Kanhaiya Lal, J.
1. This is a reference under Rule 17 of the Kumaun Rules, arising out of a suit for pre-emption brought by the plaintiff in the Court of an Assistant Commissioner in Kumaun. The Assistant Commissioner heard the suit on the 24th August, 1921 and reserved his judgment. On the 14th of February, 1922 the Assistant Commissioner signed, dated and delivered his judgment in the absence of the parties or their pleaders and without previous notice to them and he directed that the order passed should be communicated to the parties through the patwari. The judgment directed the plaintiff to deposit the pre-emption money within three months of that date, but the plaintiff was not served with a notice of its delivery till the 25th of February, 1922. He filed an appeal from the decree about the amount of the consideration money made payable by him, and about his costs, but his appeal was dismissed except about costs on the 10th May, 1922. On the 25th of May, 192i he deposited the money required, but the judgment-debtor contended that that payment was not made within the time allowed by the decree. The Assistant Commissioner repelled that contention. His order was upheld by the Deputy Commissioner on appeal. But on a further appeal the Commissioner of the Kumaun Division held that the plaintiff had failed to comply with the condition imposed by the decree and that his failure to do so had converted the decree into one in favour of the vendees.
2. The first question referred for our opinion is whether the judgment of the Assistant Commissioner dated the 14th of February, 1922 was validly pronounced within the meaning of Order 20, Rules 1 and 3 of Schedule 1 of the Code of Civil Procedure. Section 33 of the Code of Civil Procedure requires that the judgment shall be pronounced in open Court; and Order 20, Rule 1 provides that after the case has been heard, the Court shall pronounce the judgment in open Court either at once or at some future date, of which due notice shall be given to the parties or to their pleaders. Section 140 of the Code 'requires that all orders or notices served on or given to any person under the provisions of this Code shall be in writing. No such notice was given in this case to the parties or their pleaders. The judgment was signed and dated in the absence of the parties without any such notice having been previously given; and we do not consider that such a delivery amounts in law to a pronouncement within the meaning of the clear and mandatory provisions of Order 20, Rule 1 of the Code. There was in effect no pronouncement of the judgment in law; and the plaintiff had no notice of it until the 25th of February, 1922 when the delivery of the judgment wag formally communicated to him.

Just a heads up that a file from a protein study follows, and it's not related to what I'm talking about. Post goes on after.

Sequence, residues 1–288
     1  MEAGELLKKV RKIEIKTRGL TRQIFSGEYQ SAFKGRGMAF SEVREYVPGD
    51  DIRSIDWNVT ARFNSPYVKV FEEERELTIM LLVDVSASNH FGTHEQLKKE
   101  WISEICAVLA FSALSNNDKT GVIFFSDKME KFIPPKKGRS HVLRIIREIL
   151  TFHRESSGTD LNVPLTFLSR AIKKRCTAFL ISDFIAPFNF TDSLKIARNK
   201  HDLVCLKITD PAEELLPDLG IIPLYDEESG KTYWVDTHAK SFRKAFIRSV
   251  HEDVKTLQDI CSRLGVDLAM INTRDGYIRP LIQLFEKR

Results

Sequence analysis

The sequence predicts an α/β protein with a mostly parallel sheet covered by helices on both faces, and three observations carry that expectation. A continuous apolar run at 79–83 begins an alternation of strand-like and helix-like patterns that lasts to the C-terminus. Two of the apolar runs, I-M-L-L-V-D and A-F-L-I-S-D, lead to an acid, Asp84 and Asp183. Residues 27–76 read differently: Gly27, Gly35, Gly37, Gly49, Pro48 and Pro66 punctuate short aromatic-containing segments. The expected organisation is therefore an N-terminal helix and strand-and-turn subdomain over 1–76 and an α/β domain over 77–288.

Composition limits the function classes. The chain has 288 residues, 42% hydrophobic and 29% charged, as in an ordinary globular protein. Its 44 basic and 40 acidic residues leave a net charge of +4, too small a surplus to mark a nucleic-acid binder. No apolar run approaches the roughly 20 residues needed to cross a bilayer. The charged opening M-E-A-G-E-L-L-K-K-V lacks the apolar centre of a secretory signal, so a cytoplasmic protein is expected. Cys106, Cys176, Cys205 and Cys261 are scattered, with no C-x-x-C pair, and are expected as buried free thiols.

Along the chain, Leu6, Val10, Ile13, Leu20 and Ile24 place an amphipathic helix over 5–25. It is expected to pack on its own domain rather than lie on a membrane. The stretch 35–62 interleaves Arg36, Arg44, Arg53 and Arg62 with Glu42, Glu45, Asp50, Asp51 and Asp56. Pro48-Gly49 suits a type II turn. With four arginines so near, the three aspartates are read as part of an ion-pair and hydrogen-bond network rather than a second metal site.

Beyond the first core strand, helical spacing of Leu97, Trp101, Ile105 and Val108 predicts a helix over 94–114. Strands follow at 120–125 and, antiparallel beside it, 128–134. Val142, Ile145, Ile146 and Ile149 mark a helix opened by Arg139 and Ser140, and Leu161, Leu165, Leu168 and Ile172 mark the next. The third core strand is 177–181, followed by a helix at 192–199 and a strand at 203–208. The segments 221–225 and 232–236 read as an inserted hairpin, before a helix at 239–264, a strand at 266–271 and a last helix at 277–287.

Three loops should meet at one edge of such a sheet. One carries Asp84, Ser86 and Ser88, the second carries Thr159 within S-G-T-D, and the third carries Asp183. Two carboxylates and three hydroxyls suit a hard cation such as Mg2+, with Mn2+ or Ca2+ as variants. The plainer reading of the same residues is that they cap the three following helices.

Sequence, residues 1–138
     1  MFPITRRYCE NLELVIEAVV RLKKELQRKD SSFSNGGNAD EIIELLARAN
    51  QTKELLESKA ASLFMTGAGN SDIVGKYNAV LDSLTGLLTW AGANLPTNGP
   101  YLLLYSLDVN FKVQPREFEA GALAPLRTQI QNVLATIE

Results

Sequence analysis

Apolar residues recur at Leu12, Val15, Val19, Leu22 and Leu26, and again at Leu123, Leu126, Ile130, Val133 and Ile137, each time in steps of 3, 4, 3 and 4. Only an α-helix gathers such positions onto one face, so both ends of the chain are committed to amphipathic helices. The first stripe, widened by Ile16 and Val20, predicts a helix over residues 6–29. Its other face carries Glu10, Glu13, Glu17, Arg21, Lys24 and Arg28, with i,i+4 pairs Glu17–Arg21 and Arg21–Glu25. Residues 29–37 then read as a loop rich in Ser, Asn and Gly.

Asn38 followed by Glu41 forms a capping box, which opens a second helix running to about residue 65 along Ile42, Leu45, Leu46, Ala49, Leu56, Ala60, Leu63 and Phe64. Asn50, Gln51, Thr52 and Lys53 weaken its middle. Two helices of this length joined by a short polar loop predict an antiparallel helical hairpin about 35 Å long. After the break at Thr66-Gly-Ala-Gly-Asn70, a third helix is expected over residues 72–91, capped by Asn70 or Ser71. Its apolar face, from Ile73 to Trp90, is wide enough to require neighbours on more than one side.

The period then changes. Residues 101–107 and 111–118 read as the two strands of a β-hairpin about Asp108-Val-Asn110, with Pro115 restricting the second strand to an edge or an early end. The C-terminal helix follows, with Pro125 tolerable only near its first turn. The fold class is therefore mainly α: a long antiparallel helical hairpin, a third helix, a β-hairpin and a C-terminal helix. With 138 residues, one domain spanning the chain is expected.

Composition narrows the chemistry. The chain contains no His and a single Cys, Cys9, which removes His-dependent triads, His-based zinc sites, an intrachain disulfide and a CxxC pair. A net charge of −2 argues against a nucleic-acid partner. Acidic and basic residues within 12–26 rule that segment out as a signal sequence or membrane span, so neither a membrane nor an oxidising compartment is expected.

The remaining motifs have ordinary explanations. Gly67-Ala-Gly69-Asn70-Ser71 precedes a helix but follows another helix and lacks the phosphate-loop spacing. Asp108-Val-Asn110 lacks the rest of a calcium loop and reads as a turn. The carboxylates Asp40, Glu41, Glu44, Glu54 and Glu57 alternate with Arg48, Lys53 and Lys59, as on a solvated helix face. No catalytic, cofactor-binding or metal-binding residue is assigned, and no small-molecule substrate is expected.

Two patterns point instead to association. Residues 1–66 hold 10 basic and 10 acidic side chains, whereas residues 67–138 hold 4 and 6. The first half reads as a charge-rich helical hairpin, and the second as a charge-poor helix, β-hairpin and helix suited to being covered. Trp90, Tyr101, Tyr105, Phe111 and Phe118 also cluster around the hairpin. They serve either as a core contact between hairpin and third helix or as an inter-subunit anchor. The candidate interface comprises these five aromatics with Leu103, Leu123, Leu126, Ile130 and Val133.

3. The second point submitted for our opinion is whether the period of three months should be calculated from the date the judgment was signed in the absence of the parties and without previous notice to them, or whether it should be computed from the 25th of February, 1922, the date when the parties were informed of the pronouncement of the judgment through the patwari. In view of the clear provisions of the Code above referred to, a judgment signed and dated by the Presiding Judge in the absence of the parties or without previous notice to them does not stand on a higher footing than a judgment so signed and dated and kept by him in his pocket or sent by him for delivery to his successor in office. The date of the delivery of the judgment must in either case be the date when the judgment is pronounced in open Court in the presence of the parties or after previous notice to them.
4. The notice, intimating the delivery of the judgment in this case, was dated the 14th February, 1922 and asked the plaintiff to deposit the money within three months without any specification as to the date from which the period was to be computed. But the decree, which followed the judgment, expressly directed the payment of the money within three months from its date, that is from the 14th February, 1922. The plaintiff obtained copies of the judgment and the decree, and he filed them with his appeal; but his appeal was unsuccessful except about his costs, and in other respects that decree was affirmed.
5. The law of this country only contemplates the giving of a notice of an intended pronouncement of a judgment. It does not contemplate the giving of a notice after such pronouncement has been effected. The pronouncement was, therefore, irregular. But as the decree explicitly required the payment of the money within three months from the 14th of February, 1922, and the plaintiff had notice of it, the time of payment must be computed from the 14th of February, 1922, as directed by it; and the failure to make such payment must attract the consequences which the decree describes. The plaintiff is bound by the decree and cannot, as long as that decree stands, be allowed to go behind or question its terms.
6. With the above expression of opinion the record will be returned. The costs of the reference in this Court will be assessed at Rs. 32 and ought to be allowed to the defendants-vendees from the plaintiff.
7. I entirely agree. I lay particular stress on the fact that the decree of the first Court was affirmed on appeal.